The Maxim Gun
Subject: The Maxim Gun
I would like to use the picture above for a publication.
I found it in you Number 104.
Could you be so kind to send me further
Details, if possible.--- Thomas Kolnberger
University of Luxembourg
§ § §Hi, Professor Kolnberger:
And thanks for your enquiry.
The photograph you are asking about is apparently a demonstration, complete with tie, fedora, and winter coat, of the use of a Maxim machine gun --- lodged, as you will note, just so between the gentleman's legs along with a bevy of spent shells.
The photograph may have come from the book under review, Empire: The Rise and Demise of the British World Order and the Lessons for Global Power by Niall Ferguson. It came to us from Basic books, so you might ask them if the picture belongs to them.
Other than that, since it was published a rather long time ago (Fall, 2003) we are as baffled as you. Though we do remain more or less entranced with the pose of this bearded, becoated man, and his beloved Maxim.--- EdTO: firstname.lastname@example.org
Subject: Old Fassenden supporter revived, and,
Re: excerpts used as teasers
I was thrilled to find you after many years. Issues of the paper Fassenden Review brighten up an otherwise tedious bookshelf here...
Anyway, I think the book review excerpts you're picking to draw people deeper in don't capture the oddly restrained quality of the complete reviews. I think you'd do better using the actual first paragraphs of the reviews --- they really are intriguing.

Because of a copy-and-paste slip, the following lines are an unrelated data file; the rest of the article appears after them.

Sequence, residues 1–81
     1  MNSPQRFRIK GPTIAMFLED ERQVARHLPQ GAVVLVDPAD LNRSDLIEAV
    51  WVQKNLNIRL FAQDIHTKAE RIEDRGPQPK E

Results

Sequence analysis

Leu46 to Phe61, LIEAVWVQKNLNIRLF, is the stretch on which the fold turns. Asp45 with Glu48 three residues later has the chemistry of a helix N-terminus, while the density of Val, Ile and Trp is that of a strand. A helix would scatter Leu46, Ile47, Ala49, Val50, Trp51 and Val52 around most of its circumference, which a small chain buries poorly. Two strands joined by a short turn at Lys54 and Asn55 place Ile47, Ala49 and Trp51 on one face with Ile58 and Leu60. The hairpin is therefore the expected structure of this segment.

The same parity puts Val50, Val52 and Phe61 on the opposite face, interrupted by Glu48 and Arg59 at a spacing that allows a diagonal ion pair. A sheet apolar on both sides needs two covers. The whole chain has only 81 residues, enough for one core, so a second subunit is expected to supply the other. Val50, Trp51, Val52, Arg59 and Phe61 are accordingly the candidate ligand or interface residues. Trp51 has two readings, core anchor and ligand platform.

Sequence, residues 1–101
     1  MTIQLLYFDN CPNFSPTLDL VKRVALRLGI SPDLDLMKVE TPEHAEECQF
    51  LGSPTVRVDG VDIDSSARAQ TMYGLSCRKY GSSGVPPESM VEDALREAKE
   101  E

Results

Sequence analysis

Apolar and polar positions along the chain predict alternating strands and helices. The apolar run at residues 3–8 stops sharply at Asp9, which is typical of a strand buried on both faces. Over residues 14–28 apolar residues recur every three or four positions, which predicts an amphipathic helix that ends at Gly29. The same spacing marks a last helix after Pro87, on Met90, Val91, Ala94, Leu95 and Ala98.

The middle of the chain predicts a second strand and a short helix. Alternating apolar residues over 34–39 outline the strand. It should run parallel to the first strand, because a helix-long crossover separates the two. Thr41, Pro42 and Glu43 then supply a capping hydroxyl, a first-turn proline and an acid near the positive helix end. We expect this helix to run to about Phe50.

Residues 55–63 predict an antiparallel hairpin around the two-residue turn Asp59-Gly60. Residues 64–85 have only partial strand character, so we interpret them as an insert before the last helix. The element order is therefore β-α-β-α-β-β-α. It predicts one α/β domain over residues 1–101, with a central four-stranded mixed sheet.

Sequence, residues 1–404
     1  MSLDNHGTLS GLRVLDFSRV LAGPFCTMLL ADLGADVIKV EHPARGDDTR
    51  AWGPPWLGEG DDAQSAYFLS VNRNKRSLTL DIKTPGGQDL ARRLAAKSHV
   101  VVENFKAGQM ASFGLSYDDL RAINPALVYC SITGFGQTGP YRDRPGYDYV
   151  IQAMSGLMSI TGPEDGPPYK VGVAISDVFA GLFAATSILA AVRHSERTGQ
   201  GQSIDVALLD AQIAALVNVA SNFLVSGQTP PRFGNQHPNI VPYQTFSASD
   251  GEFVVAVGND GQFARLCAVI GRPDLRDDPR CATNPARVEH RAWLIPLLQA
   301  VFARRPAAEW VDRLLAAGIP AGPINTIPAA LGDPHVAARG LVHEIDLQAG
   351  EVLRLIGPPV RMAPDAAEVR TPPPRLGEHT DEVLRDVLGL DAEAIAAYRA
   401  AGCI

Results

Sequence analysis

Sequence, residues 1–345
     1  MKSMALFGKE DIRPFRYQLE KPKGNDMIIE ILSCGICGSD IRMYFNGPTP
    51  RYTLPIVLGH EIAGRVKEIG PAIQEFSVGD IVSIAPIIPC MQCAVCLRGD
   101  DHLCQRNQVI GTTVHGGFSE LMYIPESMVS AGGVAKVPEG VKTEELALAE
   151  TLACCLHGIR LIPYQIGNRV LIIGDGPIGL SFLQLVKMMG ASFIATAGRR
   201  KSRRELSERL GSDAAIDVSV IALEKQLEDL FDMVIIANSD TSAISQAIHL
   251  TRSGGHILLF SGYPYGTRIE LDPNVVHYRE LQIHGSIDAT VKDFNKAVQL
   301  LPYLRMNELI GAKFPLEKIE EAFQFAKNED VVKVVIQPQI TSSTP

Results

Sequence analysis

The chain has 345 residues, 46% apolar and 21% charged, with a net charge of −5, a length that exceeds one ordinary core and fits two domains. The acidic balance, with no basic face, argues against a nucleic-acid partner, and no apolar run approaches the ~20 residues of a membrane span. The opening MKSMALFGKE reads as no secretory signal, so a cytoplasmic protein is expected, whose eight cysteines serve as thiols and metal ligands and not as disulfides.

I can't believe that Fassenden lives. Are you on the west coast? in NY? Using a NY analogy, I'm OK with Ralph but like Avenue of the Americas could not bury 6th Avenue, so the mispelled, misunderstood Fassenden will outlive the acronym.--- Bill Gottlieb
§ § §Hi, Bill:
Fessenden (the correct spelling) was a good-hearted Canadian crackpot who, it is said, invented radio. Or helped invent it. (Like the Internet, it has many fathers and mothers ... and a few million babies).
The reason we pick and choose sentences from the body of the reviews to put on our home page is that our reviewers tend to be wandervögel. Sometimes they meander all over the place before they get down to business. Thus to protect the reader from (as one recent review did) starting out with reflections on the author's early movie experiences and ending up with a diatribe on McCarthyism ... we begin at the middle and go until we get to both ends, simultaneously.--- EdTo: email@example.com
Subject: Luke Swank
FYI. My grandfather got my father the job on the circus. Both Luke and his father and my father were circus fans and liked circus people. And his works were not grim, they show that there is beauty in everything. Look with open eyes.--- Grace Swank-Davis
The Theatre Museum
firstname.lastname@example.orgGo to the
that inspired this letter